Take an example, currently Argentina has a 35% tax surcharge for foreign transaction. This is a result of a government with poor policy and now trying to stop the leak at the expense of the citizen. .
Bitcoin is a digital currency, it is equation based on Maths, it is open source and you can read the source of the program whenever you want. Either it is a yay or nay, I left for whoever listen to my presentation to decide. Everyone foresee a different world, and this is what I foresee.
In the world of technology advancement, we can hardly reach perfection on things like this. Perhaps in the coming years something more powerful and revolutionary that Bitcoin might kill it, the government might co-op themselves and remove the threat to the financial power they have.
For whoever thinking of getting to a robocoin machine. Here is a flowchart
I guess that is enough typing for now :)
Another channel for black markets to launder money..............that's what bitcoin really does.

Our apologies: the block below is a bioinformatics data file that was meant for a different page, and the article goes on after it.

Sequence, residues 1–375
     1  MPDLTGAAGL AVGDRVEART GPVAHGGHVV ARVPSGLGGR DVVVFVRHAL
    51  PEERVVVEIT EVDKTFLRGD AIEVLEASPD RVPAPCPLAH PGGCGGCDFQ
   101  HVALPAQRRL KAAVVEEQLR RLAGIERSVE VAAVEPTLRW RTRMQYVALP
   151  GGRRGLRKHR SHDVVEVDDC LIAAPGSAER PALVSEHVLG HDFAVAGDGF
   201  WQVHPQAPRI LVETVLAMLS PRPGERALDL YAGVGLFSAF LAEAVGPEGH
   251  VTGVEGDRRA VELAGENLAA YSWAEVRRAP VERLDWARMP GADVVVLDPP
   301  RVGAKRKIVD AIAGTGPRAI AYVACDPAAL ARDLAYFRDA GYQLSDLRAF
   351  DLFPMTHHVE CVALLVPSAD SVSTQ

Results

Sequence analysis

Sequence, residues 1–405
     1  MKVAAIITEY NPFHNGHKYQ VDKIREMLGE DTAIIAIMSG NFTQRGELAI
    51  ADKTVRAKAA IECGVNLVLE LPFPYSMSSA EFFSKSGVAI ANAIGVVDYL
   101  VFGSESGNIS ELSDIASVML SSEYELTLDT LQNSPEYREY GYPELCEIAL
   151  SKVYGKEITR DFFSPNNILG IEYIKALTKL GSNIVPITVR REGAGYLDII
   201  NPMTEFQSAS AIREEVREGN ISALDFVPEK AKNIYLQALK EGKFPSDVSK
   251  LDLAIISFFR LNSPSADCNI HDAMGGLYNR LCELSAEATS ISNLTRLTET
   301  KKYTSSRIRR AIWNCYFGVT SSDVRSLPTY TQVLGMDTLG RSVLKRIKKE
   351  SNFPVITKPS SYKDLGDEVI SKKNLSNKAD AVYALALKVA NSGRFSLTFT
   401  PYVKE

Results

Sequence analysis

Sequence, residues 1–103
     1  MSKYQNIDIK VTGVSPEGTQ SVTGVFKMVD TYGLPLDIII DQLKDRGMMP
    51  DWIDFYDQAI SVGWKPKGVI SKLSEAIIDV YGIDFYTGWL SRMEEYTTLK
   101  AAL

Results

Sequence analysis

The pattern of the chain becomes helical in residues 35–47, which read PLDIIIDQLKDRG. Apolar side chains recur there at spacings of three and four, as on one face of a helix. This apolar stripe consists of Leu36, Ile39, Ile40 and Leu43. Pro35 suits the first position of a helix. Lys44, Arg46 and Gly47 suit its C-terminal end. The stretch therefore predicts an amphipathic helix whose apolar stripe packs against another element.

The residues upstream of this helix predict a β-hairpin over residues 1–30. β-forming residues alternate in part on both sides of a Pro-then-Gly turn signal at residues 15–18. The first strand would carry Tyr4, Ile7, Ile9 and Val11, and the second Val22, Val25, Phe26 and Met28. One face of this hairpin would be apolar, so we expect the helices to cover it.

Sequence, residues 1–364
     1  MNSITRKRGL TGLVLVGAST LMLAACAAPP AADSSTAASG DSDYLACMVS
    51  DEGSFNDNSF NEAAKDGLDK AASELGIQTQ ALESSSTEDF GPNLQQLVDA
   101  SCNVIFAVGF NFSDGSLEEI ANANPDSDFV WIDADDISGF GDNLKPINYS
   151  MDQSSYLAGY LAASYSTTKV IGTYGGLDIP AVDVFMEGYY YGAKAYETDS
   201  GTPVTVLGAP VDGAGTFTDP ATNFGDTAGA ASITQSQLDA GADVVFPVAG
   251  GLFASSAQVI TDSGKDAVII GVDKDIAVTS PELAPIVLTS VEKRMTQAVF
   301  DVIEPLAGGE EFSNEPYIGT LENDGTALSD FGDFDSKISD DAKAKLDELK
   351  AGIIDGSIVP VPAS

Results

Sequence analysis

I assumed the reason it was coming to HK was to tap into all the mainlanders here
This is not the second BTC ATM in the world. I believe it's not even the second Robocoin ATM.
In addition to the Robocoin in Vancouver, I believe there is also one in Burnaby BC. There is also at least one BTC ATM in Toronto ON.
The one I saw in Toronto on Friday afternoon was a bright orange color and called a BTM (Bitcoin Teller Machine). Unlike the Robocoin which is made in Las Vegas NV, USA, the BTM is made in Ottawa ON, Canada.
Here's a link to a picture:
Hopefully there will soon be multiple BTC ATMs in major cities all around the world.
2014 is already shaping up to be the year of Bitcoin. Just wait until the adoption curve goes vertical.